The magic of a pre-order gives the publisher security. Look at Assassin’s Creed: Unity. If you solely take a look at the gameplay, and reviews coming from around world, would it still have sold so well? No, in fact it should have been counted as a failure with it being the buggiest Assassin’s Creed to date. 

Everyone who pre-ordered was greeted by this warm face.

Good pre-order numbers also look good for a publisher’s statistics, showing that they will have a successful launch. It is then turned into a PR weapon and used against your fellow consumers as credibility for their game. This then generates hype for the game, helping the next Watch Dogs to reach a million dollars before it is even released. This allows the developers to stop worrying about the state of the game, because no matter bad or good, millions of people are already lined up to buy it.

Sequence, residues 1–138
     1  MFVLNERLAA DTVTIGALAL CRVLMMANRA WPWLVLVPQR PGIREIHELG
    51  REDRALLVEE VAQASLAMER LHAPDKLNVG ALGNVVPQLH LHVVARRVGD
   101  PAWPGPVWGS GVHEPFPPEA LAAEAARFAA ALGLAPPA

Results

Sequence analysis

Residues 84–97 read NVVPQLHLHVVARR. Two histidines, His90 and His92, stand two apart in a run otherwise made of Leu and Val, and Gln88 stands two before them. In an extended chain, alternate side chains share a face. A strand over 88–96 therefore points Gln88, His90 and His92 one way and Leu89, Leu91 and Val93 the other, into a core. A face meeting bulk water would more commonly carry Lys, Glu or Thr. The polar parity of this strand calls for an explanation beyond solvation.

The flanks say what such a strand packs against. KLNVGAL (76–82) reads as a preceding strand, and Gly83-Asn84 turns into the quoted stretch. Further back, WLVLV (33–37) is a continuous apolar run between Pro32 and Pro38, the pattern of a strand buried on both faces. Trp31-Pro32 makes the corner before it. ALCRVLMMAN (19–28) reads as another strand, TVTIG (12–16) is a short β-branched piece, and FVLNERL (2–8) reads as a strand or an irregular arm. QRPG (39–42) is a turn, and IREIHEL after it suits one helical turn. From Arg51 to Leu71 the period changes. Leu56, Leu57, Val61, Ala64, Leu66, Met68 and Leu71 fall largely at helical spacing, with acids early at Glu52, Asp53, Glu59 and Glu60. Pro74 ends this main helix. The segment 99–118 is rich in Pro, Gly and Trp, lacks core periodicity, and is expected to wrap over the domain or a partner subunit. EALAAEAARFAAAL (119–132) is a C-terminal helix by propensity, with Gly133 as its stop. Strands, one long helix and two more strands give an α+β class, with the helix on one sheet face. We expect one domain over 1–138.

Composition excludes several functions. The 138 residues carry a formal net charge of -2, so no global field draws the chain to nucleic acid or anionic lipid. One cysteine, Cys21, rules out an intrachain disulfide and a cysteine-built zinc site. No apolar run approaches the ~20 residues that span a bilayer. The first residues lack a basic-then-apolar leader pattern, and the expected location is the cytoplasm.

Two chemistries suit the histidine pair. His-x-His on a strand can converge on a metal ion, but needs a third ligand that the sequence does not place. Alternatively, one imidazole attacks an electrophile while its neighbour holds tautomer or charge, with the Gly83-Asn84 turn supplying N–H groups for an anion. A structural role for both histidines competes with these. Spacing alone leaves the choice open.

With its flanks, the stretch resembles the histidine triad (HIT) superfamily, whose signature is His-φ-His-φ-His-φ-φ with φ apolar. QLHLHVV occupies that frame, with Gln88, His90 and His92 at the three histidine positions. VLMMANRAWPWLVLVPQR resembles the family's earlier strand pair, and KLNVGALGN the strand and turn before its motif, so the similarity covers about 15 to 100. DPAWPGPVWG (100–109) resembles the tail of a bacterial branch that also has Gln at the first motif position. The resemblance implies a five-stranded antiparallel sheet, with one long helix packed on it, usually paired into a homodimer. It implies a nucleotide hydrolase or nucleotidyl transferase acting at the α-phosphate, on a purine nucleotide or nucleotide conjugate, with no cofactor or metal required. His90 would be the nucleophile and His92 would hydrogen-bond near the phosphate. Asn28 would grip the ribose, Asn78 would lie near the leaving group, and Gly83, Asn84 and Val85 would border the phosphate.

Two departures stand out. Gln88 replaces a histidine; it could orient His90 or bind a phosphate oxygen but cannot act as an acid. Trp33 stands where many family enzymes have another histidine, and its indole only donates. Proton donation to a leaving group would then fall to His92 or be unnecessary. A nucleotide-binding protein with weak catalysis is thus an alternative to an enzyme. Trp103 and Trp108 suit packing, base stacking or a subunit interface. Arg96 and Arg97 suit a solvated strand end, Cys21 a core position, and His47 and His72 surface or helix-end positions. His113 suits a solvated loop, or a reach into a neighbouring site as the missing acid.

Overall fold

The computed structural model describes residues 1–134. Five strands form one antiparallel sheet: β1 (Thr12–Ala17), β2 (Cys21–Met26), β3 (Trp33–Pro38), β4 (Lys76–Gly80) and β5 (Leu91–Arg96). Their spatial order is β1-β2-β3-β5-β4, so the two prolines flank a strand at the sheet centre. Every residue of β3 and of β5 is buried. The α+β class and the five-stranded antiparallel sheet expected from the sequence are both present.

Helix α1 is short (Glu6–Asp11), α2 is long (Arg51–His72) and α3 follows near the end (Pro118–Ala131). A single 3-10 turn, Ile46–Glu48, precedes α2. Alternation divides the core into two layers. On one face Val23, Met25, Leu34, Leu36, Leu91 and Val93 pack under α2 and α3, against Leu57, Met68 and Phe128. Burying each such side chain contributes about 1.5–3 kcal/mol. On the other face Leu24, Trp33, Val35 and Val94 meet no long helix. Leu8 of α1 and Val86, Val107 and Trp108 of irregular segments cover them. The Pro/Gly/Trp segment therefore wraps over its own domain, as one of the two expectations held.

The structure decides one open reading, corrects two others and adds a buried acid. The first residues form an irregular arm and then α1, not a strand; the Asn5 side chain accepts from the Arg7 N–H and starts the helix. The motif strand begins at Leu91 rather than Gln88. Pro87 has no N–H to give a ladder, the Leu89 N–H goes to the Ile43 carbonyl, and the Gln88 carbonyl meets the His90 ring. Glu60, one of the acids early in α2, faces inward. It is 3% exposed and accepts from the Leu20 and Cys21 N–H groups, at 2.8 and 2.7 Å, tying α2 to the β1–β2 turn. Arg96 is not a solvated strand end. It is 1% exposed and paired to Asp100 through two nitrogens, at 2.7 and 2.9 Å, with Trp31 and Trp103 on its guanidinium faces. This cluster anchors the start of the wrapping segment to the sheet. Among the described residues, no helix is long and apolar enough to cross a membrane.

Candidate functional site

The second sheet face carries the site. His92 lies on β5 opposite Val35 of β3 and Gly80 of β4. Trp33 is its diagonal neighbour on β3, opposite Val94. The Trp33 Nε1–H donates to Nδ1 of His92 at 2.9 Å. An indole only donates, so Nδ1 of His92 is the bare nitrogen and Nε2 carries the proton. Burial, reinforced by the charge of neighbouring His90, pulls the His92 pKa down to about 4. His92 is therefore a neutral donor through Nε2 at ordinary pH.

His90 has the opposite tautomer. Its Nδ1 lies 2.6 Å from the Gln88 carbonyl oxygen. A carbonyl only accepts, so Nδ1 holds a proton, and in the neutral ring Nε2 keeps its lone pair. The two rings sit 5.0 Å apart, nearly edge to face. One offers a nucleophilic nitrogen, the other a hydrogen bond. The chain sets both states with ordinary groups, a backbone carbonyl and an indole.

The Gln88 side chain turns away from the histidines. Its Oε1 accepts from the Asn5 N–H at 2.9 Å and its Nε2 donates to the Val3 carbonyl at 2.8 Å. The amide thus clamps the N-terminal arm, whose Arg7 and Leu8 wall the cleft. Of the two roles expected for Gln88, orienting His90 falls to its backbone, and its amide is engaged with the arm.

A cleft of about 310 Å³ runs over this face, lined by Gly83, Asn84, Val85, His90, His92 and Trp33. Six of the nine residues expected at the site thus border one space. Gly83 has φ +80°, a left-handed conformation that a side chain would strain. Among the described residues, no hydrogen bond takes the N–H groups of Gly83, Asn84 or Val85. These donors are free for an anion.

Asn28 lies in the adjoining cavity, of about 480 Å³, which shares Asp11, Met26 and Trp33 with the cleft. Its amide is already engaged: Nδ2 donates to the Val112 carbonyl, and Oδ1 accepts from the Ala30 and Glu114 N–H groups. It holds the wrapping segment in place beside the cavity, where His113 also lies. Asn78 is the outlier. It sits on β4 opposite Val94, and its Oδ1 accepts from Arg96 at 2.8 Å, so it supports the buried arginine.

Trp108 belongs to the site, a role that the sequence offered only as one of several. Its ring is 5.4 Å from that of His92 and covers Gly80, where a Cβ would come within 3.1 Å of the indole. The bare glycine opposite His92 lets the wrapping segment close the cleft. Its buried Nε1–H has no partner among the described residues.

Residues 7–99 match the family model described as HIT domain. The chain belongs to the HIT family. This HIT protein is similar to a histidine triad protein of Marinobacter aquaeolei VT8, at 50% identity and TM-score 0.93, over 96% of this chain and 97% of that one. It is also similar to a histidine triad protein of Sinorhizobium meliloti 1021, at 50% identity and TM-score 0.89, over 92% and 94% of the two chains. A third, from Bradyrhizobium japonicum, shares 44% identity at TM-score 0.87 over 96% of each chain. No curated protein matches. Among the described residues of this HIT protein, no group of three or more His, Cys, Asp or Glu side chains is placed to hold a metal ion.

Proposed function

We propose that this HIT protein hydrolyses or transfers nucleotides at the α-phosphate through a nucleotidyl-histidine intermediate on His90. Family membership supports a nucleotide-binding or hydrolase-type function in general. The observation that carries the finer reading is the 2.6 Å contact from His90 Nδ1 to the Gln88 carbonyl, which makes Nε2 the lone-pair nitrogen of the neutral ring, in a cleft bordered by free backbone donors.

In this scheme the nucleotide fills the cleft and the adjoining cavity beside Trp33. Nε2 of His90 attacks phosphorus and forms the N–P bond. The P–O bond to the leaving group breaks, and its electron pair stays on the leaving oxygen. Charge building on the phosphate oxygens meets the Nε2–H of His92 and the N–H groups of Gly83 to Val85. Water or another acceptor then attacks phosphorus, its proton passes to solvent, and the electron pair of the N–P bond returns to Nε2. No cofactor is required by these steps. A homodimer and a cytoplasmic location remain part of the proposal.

Heck even distributors like GameStop are in a better place then the consumers. They get to know how much people are buying the game so that they wouldn’t have to spend extra money on unneeded copies. Oh and that commitment with the publisher, is also there with retailer. You are investing your money into Gamestop, and the only way to back out is, well embarrassing yourself in front of that cute cashier working there.

You are Getting Cheated Out of a Full Game

In order to fuel those pre-order bonuses, developers are now cutting out portions of their games and reserving them for people who pre-order the game specifically. This can be seen now in every AAA release where extra missions, modes, or skins are available for those who choose to give their money away before they receive the full product. This is promoting laziness in game development and is ruining the state of games.

Metro outraged millions of gamers when they dropped Ranger Mode.